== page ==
President Vladimir Putin met Pope Francis in the Vatican on Thursday, amid signs of closer ties between the Kremlin and the Roman Catholic Church.
The meeting came a day before the Pope is due to hold talks in Rome with leaders of Ukraine’s Greek-Catholic Church to discuss the conflict in that country. The Ukrainian Orthodox Church last year formally split from the Russian Orthodox Church amid tensions between Kiev and Moscow over the war in eastern Ukraine.
The Pope and Putin “expressed their satisfaction” at how ties are developing, the Vatican said in a website statement. They discussed the role of the Catholic Church in Russia as well as ecological issues and international affairs including the situation in Syria, Ukraine and Venezuela, according to the statement.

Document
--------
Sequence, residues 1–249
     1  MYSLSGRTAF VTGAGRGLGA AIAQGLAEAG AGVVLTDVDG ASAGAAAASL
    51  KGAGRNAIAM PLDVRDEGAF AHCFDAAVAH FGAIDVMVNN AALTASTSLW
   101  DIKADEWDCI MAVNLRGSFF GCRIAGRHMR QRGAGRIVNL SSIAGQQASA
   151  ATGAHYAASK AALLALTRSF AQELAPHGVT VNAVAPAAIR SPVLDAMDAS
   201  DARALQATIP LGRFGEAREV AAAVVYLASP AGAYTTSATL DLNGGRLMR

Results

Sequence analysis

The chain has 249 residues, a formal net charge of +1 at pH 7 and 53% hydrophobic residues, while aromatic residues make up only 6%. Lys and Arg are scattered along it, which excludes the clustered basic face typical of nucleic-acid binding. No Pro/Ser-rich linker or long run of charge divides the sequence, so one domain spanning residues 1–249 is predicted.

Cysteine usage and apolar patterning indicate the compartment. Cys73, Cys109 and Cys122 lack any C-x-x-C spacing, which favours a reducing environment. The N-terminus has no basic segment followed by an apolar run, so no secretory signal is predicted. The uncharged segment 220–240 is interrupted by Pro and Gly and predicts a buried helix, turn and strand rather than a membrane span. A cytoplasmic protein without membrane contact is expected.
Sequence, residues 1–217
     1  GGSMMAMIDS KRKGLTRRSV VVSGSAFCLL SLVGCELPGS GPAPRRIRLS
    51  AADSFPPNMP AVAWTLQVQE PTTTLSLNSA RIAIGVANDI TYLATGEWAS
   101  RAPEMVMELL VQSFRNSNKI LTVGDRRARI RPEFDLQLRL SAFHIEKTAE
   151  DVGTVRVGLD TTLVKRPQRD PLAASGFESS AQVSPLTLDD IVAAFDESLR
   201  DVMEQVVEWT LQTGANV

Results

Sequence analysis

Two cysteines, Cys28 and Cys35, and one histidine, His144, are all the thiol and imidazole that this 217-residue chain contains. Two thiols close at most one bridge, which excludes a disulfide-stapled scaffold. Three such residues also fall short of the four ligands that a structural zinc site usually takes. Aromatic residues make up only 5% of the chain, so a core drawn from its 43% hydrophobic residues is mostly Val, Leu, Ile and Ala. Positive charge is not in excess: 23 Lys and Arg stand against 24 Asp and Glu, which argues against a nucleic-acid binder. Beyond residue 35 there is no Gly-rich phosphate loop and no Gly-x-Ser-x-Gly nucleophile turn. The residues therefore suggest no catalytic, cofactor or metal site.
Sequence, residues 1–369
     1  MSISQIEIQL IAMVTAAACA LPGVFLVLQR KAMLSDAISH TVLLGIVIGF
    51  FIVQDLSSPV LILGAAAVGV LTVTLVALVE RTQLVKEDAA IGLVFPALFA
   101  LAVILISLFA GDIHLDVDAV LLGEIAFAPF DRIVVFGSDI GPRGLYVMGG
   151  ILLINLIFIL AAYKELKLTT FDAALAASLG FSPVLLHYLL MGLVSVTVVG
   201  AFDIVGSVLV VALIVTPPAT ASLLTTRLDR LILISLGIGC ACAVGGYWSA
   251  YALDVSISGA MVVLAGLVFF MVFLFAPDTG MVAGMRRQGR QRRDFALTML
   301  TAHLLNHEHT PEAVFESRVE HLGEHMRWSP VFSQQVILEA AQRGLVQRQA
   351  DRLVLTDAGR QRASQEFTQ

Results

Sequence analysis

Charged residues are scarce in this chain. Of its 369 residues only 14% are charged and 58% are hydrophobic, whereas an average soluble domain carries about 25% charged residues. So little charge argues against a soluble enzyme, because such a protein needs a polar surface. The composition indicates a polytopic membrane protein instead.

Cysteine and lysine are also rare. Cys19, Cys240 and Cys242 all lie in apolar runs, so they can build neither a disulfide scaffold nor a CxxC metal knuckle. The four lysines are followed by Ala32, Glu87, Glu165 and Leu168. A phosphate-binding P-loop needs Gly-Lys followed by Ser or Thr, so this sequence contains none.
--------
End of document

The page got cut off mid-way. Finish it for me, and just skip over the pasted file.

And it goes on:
The meeting is the third between the two leaders, with the last one held in 2015. The head of 1.2 billion Catholics also had an historic encounter with Patriarch Kirill, leader of the Russian Orthodox Church, in Cuba in 2016. Putin will also meet Italian leaders including Prime Minister Giuseppe Conte during his one-day visit to Rome.
Ties have been strained for centuries between the Vatican and the Russian Orthodox Church since the Great Schism of 1054 that split eastern and western Christianity over theological differences. The Russian Orthodox Church accused Catholics of trying to win converts following the 1991 break-up of the Soviet Union, preventing John Paul II from fulfilling his long-held wish to travel to Russia.
Until the Cuba meeting, the head of the Russian Church had never met with the Roman pontiff because of doctrinal differences as well as arguments over the leadership of Ukrainian Christians.
Kremlin foreign policy aide Yuri Ushakov said on Wednesday that Putin has no plans yet to invite Francis to make a visit to Russia, and that the question should be considered together with the patriarch.
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